by Tony Vidler
How powerful would it be to quantify that in dollar terms for a client?
Everyone knows the maxim “time is money”. Everyone knows that all of us are perpetually trading off one against the other; spending money to save time; or; spending time to save money.
Most clients of financial advisers have busy lives and are continually trading off time and money as a way of life.
So why don’t we put it in dollar terms when we talk to clients about some of the value that financial advisers bring to their lives?
Let’s use an example briefly:
How many hours are involved in putting together a strategy covering all facets of personal financial planning, and then implementing it, and then monitoring it and adjusting along the way?
For a professional planner who is on top of their game it will probably take about:
So the financial planner – who is at the top of their game is putting in 22 hours of work for the client each year.
(do we ever actually tell clients that by the way?)
How long would it take an intelligent, well educated client who is time poor to actually do the same thing?
I estimate that it would take the DIY (do it yourself) planner something like:
So the DIY consumer is probably going to invest about 130 hours in doing what a professional will spend 22 hours doing. The “cost” to the DIY person is about $5,200 at their own hourly rate – but the opportunity and lost “life” cost?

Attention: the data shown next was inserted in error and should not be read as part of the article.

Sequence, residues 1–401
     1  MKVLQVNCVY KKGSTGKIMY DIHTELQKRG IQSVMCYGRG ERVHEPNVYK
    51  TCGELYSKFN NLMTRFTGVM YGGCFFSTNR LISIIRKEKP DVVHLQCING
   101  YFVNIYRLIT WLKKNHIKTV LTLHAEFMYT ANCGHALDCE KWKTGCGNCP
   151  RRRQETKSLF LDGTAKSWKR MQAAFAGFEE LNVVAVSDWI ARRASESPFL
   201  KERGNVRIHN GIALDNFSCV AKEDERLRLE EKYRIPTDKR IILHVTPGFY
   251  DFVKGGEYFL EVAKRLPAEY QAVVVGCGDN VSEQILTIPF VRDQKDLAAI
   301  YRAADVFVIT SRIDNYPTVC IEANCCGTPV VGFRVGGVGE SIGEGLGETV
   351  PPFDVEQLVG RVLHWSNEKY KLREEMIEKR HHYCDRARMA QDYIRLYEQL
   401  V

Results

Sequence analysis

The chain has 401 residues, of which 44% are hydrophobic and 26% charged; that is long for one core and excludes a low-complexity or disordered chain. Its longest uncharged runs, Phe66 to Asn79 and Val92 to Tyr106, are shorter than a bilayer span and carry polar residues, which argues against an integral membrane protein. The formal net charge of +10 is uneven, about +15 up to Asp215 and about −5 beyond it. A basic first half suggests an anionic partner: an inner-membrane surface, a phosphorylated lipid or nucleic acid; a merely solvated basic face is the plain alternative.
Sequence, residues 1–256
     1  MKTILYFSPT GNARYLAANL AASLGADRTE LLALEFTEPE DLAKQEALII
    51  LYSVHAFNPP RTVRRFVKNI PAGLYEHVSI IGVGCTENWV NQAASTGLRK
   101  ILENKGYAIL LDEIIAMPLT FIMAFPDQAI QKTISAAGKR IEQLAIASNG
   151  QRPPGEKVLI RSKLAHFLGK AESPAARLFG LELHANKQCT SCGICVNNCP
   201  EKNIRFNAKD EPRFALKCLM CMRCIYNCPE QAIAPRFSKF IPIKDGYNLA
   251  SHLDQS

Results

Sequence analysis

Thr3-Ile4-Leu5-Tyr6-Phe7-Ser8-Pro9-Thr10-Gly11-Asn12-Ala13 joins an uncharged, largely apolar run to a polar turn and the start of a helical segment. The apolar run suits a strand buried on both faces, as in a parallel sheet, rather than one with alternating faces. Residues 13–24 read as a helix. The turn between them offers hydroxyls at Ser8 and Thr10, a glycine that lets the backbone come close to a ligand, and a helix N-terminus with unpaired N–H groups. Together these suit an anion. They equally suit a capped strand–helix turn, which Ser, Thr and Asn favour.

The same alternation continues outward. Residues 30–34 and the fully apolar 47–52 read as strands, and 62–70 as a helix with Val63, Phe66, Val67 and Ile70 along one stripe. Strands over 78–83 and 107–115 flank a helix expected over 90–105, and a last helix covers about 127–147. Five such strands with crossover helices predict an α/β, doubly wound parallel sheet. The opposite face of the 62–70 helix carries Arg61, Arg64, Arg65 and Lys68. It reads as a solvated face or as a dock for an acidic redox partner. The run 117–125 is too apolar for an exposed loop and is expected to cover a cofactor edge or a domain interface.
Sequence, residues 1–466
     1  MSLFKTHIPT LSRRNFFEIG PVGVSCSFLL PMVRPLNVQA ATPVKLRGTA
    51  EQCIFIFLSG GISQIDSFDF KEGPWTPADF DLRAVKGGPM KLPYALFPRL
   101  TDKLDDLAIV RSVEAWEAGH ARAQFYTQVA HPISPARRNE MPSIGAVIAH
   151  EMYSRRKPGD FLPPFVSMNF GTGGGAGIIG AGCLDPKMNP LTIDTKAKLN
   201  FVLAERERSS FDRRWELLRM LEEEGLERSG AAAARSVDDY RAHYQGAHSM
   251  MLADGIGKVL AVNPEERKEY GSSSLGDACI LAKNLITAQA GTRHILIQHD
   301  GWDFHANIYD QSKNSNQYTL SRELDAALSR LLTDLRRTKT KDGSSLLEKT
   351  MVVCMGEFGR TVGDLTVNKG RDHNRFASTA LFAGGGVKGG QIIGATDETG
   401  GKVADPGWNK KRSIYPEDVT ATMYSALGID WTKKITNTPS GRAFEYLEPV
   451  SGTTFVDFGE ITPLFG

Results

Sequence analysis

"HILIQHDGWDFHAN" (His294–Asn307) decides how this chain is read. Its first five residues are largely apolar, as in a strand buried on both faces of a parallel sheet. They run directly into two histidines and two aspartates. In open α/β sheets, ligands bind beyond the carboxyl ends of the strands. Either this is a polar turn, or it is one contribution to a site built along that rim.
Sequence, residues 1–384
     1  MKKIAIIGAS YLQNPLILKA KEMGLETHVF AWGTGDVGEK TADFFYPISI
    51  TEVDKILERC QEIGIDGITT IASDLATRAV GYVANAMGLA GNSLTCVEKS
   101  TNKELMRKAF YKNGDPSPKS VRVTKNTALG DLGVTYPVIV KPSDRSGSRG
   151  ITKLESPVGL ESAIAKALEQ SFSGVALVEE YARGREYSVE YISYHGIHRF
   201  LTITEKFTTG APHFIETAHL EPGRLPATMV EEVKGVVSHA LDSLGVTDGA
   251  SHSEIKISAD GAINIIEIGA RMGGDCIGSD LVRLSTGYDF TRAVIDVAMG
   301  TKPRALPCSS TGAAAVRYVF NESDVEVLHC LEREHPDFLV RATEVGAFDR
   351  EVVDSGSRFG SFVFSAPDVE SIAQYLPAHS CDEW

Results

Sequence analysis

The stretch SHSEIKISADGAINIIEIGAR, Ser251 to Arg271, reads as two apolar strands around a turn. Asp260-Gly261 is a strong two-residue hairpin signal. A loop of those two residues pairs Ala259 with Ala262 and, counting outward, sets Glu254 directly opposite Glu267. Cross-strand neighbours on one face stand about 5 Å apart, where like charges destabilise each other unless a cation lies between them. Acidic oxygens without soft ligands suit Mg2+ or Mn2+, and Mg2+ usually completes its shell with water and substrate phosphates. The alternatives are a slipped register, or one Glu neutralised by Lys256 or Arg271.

If we weigh that up against what the professional charges for doing the same work – though theoretically more objectively and with astute judgement – what is the difference?
Is there a clear tangible value to the client from using a professional financial adviser then? It would certainly seem so – unless I am wildly miscalculating the time components.
We all as individual consumers outsource problems all the time to other professionals because we mentally make the time/money calculation, and then add in the “stress or hassles” factors, overlay that with “things I’d rather do with my life” and come to a pretty rapid conclusion that more often than not money is a lot less valuable than time.
Consider approaching the matter of the “cost of advice” from a similar perspective with clients.
Most times you will find that most clients quickly recognise a bargain price when it is put in this context.
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